Somatic Embryogenesis and Artificial Seeds in Coptis chinensis F.
Coptis chinensis F. (family Ranunculaceae) is a perennial herbaceous plant, 10 to 13 cm in height. Its stem is rhizomatic and often branched. It is an endemic species distributed in Anhui, Guizhou, Jiangsu, Jiangxi, Hubei, Hunan, Shaanxi, Sichuan, Zhejiang Provinces of China. It is a very important medicinal plant in China. The rhizomes of the plant contain berberine, coptine, and coptisine. These compounds are reputed to result in cooling of the blood, reducing stress and fatigue, removing of toxic substances, and purging sthenic fever and emotions as well as promoting salivation (Wang 1964). Considerable work has been done on the micropropagation and production of medicinal compounds in Coptis species (Ikuta et al. 1975; Yamamoto et al. 1981; Ikuta and Itokawa 1989).
KeywordsFatigue Sucrose Carbohydrate Glycine Germinate
Unable to display preview. Download preview PDF.
- Din P (1984) Studies on tissue culture of Coptis chinensis. Chin Trad Herb Drugs 15: 28–29Google Scholar
- Ikuta A, Itokawa H (1989) Coptis: in vitro regeneration of plants and the production of berberine. In: Bajaj YPS (ed) Biotechnology in agriculture and forestry, vol. 7. Medicinal and aromatic plants II. Springer. Berlin Heidberg New York, pp 110–128Google Scholar
- Ke S, He Z, Xu L, Hou S, Gui Y, Guo Z (1990) Studies on artificial seeds of Coptis chinensis. In: Guo Z, Gui Y (eds) Plant somatic embryogenesis and artificial seeds. Science Press, Beijing, pp 35–42Google Scholar
- Ke S, Wu L, Gui Y, Guo Z, He Z, Xu L (1992) Synchronization of somatic embryogenesis in Coptis chinensis. J Wuhan Bot Res 10: 1–6Google Scholar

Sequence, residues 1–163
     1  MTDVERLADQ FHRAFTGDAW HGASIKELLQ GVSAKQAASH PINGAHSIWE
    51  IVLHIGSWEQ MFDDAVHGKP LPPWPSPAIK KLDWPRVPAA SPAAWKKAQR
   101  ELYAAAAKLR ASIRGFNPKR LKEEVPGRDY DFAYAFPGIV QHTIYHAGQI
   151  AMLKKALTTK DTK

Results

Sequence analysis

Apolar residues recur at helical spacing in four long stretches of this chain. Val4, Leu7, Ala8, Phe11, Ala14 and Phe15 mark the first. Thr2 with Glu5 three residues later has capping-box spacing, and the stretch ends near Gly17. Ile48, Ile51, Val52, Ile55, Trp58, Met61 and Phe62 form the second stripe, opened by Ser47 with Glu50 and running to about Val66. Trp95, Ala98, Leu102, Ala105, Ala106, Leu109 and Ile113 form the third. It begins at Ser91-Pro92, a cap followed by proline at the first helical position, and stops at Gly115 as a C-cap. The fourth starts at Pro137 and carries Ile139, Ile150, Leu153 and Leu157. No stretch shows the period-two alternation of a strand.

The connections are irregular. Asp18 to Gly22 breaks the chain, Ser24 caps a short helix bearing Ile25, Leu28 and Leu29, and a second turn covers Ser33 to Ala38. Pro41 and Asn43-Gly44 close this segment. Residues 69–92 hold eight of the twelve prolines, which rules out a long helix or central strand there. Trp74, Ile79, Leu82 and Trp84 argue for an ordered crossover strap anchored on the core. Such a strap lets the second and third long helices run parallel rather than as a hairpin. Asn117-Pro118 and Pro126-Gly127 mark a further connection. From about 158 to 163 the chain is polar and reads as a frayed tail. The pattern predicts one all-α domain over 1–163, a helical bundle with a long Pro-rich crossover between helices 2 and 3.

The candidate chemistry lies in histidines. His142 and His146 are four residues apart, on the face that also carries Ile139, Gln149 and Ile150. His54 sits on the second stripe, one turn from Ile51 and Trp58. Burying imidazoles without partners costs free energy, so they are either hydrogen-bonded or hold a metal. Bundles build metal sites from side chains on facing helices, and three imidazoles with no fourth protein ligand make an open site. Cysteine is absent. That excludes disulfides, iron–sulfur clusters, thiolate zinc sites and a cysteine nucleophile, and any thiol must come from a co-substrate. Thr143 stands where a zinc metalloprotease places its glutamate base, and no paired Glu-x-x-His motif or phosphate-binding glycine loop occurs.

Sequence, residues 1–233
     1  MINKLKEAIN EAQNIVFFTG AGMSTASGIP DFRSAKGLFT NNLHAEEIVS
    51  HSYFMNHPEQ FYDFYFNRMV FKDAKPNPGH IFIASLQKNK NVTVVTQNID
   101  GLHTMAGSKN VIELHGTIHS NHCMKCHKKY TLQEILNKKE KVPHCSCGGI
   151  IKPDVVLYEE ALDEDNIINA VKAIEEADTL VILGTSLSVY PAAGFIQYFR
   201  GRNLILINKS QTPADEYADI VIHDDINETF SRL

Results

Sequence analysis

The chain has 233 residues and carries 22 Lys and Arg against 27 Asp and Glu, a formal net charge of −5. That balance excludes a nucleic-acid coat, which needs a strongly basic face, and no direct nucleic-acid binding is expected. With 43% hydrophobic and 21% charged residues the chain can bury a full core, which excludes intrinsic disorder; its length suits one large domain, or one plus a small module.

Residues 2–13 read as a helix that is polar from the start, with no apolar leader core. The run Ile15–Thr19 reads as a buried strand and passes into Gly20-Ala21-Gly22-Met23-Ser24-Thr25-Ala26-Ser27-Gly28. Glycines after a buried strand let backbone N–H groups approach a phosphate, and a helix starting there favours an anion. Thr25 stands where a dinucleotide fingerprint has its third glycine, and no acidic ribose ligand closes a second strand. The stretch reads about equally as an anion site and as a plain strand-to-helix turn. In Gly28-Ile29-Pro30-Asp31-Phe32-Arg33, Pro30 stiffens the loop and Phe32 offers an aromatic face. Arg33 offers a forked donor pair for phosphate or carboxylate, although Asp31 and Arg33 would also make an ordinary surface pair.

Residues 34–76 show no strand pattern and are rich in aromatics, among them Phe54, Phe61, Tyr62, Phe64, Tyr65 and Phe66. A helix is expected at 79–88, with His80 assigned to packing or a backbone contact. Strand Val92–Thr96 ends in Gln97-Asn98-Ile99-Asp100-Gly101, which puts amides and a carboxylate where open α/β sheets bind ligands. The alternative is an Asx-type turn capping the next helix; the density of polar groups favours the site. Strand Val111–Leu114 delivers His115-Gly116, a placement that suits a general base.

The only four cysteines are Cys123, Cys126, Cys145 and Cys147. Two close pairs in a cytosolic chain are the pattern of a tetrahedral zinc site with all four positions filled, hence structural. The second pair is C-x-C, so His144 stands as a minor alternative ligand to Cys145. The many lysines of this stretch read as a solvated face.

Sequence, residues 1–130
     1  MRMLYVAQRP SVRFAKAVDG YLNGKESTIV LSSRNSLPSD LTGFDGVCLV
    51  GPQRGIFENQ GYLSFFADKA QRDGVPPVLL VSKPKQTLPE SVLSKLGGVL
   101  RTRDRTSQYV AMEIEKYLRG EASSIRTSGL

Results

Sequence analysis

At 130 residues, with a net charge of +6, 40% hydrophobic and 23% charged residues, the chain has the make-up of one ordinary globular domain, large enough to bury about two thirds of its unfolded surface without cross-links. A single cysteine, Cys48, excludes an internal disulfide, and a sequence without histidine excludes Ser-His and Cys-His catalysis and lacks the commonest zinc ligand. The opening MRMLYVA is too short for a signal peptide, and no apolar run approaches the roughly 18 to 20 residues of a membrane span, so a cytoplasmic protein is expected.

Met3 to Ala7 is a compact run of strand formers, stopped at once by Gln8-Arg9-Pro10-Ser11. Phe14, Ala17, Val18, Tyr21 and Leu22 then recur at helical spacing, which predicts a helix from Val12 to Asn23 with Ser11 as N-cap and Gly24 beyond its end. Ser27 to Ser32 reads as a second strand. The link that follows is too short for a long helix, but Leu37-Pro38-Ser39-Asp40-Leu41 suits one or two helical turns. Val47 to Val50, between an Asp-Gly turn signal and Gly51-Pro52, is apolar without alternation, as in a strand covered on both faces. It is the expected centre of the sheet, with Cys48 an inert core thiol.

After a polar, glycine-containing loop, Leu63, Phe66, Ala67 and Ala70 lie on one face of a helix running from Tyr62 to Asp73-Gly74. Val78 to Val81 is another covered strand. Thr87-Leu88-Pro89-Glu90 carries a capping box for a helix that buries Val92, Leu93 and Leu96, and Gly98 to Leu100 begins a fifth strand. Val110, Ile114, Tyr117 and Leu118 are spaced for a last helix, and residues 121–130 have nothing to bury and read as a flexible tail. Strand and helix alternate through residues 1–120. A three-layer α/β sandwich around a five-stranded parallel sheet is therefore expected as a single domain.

- Nakagawa K, Miura Y, Fukin H, Tabata M (1982) Clonal propagation of medicinal plants through the induction of somatic embryogenesis from the cultured plant cell. In: Fujiwara A (ed) Plant tissue cultures 1982. Maruzen, Tokyo, pp 701–702Google Scholar
- Redenbaugh, K, Viss P, Slade D, Fujii TA (1987) Scale-up: artificial seeds. In: Green CE, Somers DA, Hackett WP, Bresboer DD (eds) Plant tissue and cell culture. Alan R Liss, New York, pp 473–493.Google Scholar
- Skirvin, RM, Norton M, Mheeters KD (1993) Somaclonal variation: has it proved useful for plant improvement? Acta Hortic 336: 333–340Google Scholar
- Staba EJ (1977) Tissue culture and pharmacy. In: Reinert J, Bajaj YPS (eds) Applied and fundamental aspects of plant cell, tissue, and organ culture. Springer, Berlin Heidelberg New York, pp 699–715Google Scholar
- Wang G (1964) Studies on alkaloids of stem and root in Coptis chinensis. Acta Pharm Sin 11: 389–392Google Scholar
- Yamamoto H, Ishida M, Tomimori T (1981) Studies of the fundamental conditions on growth and alkaloid formation of the callus cultures of Coptis japónica var. Japónica (III). Effects of cloning and mutagens. Shoyakugaku Zassi 35: 15–21Google Scholar